Coming to An Understanding – Hawaiian Style

29 Jul

lei1Recently, I was standing at the check-out stand at Trader Joe’s, talking to the really friendly clerk. He wished me a good day and I thanked him and added that I was on my way to court to do a mediation …something I really loved. That comment prompted him to tell me about Ho’o pono pono, which he said means “come to an understanding” in his native Hawaiian. I told him I was going to blog about it someday, so he wrote down the spelling for me.

I looked the term up online and found that it is an ancient Hawaiian practice of reconciliation and forgiveness. It’s about “making things right” by clearing unwanted energy between parties. It has four parts, which very loosely translated into English are:

  • I’m sorry
  • Please forgive me
  • I love you
  • Thank-you

Everything I read said that the words have even more meaning in Hawaiian.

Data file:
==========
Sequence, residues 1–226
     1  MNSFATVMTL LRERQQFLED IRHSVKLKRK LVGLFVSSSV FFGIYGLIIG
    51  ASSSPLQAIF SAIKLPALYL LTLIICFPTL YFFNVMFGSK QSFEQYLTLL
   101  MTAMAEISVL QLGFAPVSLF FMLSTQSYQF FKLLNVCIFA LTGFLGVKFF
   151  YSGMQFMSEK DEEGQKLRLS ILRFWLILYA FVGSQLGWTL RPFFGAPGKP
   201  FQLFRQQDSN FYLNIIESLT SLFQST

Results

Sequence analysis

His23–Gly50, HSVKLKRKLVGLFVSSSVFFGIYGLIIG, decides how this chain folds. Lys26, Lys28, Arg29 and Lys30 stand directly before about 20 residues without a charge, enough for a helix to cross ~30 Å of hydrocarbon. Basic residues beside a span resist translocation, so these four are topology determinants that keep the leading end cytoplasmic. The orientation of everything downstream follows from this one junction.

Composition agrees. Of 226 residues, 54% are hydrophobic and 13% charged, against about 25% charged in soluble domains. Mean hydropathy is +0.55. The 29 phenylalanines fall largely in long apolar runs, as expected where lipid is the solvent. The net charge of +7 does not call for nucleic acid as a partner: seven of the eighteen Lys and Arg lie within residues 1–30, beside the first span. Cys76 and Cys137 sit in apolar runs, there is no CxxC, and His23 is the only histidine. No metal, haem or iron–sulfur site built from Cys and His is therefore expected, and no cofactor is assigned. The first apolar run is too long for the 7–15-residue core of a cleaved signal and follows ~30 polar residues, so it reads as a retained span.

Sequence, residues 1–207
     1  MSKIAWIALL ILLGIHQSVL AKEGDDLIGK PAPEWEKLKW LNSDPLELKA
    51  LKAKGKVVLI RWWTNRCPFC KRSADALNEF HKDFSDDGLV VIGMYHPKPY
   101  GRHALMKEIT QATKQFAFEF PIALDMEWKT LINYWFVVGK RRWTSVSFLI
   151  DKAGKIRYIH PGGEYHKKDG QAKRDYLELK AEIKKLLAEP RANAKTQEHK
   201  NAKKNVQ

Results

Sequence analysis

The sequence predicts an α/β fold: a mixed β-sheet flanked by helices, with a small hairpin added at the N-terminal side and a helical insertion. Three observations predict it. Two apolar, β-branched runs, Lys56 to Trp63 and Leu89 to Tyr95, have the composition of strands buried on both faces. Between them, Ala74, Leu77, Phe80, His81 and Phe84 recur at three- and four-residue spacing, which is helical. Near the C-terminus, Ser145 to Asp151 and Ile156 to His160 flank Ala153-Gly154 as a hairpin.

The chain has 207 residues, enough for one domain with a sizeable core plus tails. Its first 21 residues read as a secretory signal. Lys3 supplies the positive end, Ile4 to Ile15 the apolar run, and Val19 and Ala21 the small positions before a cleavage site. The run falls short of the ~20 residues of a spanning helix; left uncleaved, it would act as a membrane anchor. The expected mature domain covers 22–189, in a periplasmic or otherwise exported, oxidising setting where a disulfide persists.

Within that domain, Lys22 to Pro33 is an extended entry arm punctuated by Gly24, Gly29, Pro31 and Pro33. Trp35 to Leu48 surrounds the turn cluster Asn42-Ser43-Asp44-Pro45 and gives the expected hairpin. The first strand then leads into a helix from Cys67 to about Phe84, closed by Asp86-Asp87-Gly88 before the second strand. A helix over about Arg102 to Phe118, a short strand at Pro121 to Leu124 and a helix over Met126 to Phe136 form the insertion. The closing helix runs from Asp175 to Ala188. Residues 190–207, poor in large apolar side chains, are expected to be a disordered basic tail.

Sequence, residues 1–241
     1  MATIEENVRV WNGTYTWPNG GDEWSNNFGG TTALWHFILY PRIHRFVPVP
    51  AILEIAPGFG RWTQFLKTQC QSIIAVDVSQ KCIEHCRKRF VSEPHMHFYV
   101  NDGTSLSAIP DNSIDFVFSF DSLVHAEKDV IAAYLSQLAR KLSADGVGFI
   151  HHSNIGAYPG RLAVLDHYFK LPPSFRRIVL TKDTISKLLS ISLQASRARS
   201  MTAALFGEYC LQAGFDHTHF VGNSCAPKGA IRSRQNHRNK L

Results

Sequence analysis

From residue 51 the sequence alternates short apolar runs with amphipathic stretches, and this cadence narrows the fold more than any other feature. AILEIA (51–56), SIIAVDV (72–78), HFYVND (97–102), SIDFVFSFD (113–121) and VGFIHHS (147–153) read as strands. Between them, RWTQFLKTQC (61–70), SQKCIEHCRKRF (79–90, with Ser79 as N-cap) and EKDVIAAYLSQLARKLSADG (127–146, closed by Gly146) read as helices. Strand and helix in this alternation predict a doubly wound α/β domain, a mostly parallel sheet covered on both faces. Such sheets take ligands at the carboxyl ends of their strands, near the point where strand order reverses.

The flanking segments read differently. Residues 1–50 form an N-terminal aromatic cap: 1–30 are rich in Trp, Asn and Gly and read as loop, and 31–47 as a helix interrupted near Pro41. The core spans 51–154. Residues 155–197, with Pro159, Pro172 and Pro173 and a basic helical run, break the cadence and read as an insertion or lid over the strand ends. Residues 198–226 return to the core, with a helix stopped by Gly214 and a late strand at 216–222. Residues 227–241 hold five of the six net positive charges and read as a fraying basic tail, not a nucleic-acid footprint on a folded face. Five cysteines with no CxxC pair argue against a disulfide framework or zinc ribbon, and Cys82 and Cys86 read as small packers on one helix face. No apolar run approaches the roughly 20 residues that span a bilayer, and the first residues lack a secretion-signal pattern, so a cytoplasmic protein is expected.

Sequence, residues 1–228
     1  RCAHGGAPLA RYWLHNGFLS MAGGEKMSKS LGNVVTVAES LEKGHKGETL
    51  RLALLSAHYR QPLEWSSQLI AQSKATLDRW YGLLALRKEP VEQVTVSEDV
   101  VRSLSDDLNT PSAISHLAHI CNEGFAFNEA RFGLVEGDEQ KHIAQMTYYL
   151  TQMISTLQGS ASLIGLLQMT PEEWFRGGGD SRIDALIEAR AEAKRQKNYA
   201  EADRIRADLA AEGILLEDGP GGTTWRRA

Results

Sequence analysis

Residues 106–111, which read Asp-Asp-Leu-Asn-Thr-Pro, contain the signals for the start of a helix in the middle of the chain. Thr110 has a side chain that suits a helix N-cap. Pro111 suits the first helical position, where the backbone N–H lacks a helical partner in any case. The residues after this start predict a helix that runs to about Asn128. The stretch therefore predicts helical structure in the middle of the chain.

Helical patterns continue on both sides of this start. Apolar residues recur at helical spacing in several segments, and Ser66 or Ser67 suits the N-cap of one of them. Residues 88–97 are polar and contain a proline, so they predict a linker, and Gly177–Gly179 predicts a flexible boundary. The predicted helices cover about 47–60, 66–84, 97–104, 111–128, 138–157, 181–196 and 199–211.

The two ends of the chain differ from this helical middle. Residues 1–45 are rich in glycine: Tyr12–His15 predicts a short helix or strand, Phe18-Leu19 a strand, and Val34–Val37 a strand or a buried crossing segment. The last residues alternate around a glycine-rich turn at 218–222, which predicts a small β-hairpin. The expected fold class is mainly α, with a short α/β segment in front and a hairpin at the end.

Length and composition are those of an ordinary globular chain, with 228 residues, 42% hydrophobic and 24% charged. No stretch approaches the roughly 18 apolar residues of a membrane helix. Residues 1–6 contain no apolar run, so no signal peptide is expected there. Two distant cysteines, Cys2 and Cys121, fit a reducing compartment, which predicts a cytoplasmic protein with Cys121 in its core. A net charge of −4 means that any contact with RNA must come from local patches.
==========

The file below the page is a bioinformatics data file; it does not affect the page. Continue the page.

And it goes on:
“I’m sorry” opens the door for atonement and creates an opportunity for healing.

Asking for forgiveness helps to release unresolved anger, blame, resentment, grief and anything else that is toxic from holding it inside.

Expressing love has a great healing power – a very positive energy.

And closing with a “thank-you” is a sign of gratitude for the opportunity to move on.

According to Wikipedia, the process of Ho’o pono pono begins with a prayer. A statement of the problem is made, and the transgression is discussed. Family members are expected to work out their problems and cooperate and not hold fast to fault. Everyone’s feelings are acknowledged and one or more periods of silence allow for reflection of the entanglement of emotions and injuries. Everyone “releases” each other … letting go. Then they close the event with a ceremonial feast.

I just love this idea and can’t thank the nice check-out clerk for telling me about it. The process has so many wonderful similarities to mediation but what’s really great about it … is that it’s already part of the culture to promote peacemaking within families.

Maybe they don’t need a mediator at all.





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